Bask is the moniker of one, Ales Bask Hostomsky, who along with his parents emigrated from Czechoslovakia to Florida and began to soak up America’s popular iconic imagery along with the sun. He quickly began to notice similarities between the communistic iconic propaganda from his youth and the consumer advertising of his teens. Bask soon discovered that they were simply, two sides of the same coin. Each vying for our short-lived attention spans, all the while selling us (or telling us?) anything and everything from Marxism toMcDonalds. Seeking conspiracies-and finding them embedded in the popular iconography of the mass media, Bask began painting bold, media critical broadsides to assuage his fear of being manipulated. A fear cultivated in a repressive regime, had now returned, but to the most unlikely and safest of places- The American living room.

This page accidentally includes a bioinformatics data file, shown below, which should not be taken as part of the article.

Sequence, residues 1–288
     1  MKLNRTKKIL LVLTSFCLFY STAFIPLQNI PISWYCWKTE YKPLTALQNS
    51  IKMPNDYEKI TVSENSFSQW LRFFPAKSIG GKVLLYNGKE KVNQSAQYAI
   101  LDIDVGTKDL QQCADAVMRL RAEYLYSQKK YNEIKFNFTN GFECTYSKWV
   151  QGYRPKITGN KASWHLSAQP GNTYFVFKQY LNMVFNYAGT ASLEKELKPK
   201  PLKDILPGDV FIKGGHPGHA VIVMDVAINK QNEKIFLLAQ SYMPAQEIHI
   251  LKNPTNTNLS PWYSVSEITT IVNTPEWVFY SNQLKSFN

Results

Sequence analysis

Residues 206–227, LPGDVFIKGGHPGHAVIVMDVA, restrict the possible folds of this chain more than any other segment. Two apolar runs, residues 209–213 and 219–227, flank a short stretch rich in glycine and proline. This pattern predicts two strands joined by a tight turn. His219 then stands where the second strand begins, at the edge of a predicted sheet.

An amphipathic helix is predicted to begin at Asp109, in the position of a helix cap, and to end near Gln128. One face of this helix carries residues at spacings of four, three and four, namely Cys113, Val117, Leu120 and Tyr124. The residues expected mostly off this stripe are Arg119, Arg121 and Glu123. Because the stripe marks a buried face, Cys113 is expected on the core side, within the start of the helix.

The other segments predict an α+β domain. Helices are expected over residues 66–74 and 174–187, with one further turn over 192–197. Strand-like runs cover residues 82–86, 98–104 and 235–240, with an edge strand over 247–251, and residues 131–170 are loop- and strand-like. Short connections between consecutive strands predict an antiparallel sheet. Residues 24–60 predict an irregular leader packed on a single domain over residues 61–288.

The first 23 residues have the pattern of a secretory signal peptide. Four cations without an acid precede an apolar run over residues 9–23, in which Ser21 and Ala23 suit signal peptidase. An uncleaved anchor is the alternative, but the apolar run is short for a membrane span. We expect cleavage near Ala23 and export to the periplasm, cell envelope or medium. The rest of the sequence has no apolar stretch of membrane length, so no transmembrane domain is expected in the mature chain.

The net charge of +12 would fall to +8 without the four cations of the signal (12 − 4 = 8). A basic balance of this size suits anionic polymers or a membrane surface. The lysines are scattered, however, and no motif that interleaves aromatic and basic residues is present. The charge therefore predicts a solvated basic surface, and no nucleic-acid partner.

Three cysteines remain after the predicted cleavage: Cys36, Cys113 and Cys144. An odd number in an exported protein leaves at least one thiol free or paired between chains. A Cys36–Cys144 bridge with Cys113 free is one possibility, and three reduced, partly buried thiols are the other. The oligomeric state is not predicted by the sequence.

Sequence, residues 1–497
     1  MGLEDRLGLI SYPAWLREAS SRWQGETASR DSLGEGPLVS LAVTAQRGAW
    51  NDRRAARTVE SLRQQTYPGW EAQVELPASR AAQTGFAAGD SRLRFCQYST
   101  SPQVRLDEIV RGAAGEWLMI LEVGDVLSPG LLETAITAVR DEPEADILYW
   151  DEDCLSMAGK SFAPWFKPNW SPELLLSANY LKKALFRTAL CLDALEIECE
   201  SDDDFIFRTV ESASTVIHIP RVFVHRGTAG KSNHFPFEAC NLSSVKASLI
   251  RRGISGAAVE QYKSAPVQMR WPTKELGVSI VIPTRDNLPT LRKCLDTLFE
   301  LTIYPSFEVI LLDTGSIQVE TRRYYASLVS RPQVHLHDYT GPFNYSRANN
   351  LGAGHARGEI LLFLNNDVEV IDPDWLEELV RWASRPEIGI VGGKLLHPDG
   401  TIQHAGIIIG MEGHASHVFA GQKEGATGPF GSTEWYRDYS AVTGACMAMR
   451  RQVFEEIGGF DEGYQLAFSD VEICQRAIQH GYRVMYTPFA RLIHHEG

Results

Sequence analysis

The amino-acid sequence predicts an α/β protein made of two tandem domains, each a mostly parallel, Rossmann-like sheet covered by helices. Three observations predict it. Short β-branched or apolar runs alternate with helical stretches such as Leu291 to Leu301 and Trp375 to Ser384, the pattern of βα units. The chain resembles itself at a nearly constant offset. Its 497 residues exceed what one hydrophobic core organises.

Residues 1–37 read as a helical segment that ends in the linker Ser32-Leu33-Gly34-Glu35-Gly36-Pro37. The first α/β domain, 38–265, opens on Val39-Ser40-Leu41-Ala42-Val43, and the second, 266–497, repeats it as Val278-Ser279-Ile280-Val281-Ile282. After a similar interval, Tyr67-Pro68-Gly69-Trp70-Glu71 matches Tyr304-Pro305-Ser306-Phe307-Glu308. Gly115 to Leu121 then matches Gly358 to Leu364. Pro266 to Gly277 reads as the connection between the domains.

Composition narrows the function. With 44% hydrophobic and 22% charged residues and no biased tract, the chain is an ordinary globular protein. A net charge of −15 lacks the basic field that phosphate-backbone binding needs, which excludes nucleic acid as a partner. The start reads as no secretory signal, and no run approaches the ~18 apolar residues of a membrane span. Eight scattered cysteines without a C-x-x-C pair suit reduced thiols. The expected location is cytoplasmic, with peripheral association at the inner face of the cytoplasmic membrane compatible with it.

The artist’s richly textural work imbue his “anti-iconic,” sometimes satirical worldview with an undercurrent of dark emotion. His canvases are the city’s flotsam and jetsam of industrial and consumer decay. Combining his graphic skill with his trademark multi-layered applications, Bask builds up the surface only to break down the image. “My art is a type of deconstruction,” says Bask, “I try to focus on the imperfection of things, rather then their unachievable perfection.”

Bask’s imagery has appeared in countless publications in both advertising and editorial capacities. His work has been shown in the Florida International Museum as well as the Jacksonville Museum of Modern Art which also has his work in it’s permanent collection. Bask has also exhibited his work in solo shows in Baltimore, Detroit, Miami and Tampa among others.